CIHI and the First Nations Health Authority (FNHA) in B.C. share a valuable working relationship. In May 2017, both organizations entered into a memorandum of understanding that formalized a partnership with a shared goal of improving the health and well-being of First Nations in B.C. A shared work plan is maintained, with work focused on 3 streams: data and analytics (including tools such as CIHI’s Population Grouper); potential development of performance indicators to measure improvements in cultural safety and humility within B.C.’s health care system; and shared learning, including development of a joint statement on First Nations health data governance.

First Nations Health Authority (FNHA) External link, opens in new window
Memorandum of understanding External link, opens in new window

Sioux Lookout First Nations Health Authority (SLFNHA)

In 2018, the Sioux Lookout First Nations Health Authority (SLFNHA) started using CIHI Portal to access administrative health data on behalf of the 31 First Nations that it serves. This direct access to Portal has enabled SLFNHA to determine both regional and community-specific rates for emergency department visits and hospital admissions in Ontario and Manitoba, as well as the top causes of utilization.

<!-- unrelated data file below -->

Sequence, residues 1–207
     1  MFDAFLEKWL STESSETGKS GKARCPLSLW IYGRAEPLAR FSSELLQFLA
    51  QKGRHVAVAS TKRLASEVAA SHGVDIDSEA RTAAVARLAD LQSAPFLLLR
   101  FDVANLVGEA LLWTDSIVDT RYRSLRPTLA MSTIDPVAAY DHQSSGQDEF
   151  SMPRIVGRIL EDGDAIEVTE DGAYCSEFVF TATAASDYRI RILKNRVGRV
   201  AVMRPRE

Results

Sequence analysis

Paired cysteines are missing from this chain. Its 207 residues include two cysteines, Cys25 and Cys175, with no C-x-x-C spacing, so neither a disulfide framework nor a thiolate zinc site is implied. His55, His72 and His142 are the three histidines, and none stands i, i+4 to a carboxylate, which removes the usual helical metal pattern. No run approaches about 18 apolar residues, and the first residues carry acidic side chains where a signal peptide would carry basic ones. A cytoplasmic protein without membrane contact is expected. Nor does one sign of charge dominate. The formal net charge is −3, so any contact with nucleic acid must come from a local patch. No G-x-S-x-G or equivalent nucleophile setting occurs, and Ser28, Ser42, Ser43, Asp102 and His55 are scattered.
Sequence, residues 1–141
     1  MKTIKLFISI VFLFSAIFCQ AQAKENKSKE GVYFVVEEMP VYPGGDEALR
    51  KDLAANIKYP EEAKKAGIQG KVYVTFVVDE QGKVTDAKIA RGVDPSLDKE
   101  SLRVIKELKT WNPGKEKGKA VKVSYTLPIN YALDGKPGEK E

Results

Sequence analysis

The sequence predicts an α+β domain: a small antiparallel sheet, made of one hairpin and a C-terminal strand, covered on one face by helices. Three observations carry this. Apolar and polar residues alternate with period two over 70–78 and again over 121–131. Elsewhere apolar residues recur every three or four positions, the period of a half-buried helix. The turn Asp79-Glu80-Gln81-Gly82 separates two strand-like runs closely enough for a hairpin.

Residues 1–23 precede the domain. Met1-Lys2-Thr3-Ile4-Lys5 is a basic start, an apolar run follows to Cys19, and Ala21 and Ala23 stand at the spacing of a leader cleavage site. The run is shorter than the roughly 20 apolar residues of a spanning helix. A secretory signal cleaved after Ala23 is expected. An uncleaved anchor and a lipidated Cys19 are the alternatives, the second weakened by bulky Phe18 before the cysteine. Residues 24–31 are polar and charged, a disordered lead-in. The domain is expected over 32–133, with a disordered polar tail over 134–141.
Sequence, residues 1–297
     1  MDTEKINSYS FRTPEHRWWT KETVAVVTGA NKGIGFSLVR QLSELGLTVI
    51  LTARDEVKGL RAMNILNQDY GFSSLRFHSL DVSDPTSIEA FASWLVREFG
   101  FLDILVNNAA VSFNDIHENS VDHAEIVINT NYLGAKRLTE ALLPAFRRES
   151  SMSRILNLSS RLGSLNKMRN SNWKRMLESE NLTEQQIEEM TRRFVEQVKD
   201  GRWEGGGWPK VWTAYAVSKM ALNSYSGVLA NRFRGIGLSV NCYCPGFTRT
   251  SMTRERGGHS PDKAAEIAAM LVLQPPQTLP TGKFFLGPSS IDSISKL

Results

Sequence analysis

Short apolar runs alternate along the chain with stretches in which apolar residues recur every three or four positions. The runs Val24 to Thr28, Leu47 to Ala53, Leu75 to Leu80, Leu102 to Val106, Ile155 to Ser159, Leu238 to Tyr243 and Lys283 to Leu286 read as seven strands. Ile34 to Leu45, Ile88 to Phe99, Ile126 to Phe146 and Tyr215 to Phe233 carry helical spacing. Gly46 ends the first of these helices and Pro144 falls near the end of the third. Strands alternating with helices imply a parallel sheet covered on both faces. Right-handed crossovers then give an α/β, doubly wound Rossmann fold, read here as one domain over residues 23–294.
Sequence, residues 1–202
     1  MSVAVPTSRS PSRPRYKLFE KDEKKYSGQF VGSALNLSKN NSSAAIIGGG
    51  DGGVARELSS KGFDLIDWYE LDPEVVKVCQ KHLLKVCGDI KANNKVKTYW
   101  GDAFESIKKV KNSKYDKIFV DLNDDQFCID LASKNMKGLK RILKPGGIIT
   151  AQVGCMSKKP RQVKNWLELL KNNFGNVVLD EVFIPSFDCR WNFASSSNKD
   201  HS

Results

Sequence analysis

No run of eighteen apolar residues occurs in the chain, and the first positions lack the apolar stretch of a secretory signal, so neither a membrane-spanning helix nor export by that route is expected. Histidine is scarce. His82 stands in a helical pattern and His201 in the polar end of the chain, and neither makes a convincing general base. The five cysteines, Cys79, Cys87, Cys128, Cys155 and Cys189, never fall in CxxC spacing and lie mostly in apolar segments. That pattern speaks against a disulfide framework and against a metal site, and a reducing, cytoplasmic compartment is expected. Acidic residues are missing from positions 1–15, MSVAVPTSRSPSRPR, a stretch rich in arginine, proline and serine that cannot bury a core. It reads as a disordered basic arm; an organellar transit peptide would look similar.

In September 2018, SLFNHA released Our Children and Youth Health Report — its first regional report that provides information on the health status of infants, children and youth. Community-level information gleaned from the report helped to increase understanding of the distinct health care needs of each community and facilitate associated planning. Ongoing access to CIHI Portal helps SLFNHA fulfill its mandate to the region in acting as a data steward for the First Nations it serves. This includes further development of health status reports and health surveillance systems.

Sioux Lookout First Nations Health Authority (SLFNHA) External link, opens in new window
Our Children and Youth Health Report External link, opens in new window

Related resources

CIHI’s Strategic Plan

First Nations Information Governance Centre External link, opens in new window

Truth and Reconciliation Commission of Canada’s final report External link, opens in new window

United Nations Declaration on the Rights of Indigenous Peoples External link, opens in new window

interRAI Implementation Toolkit

Contact us

If you have questions about the Indigenous Health program of work at CIHI, please contact the Indigenous Health team: 
IndigenousHealth@cihi.ca.

Reference

1.
Back to Reference 1 in text
First Nations Information Governance Centre. The First Nations Principles of OCAP® External link, opens in new window. Accessed March 23, 2020.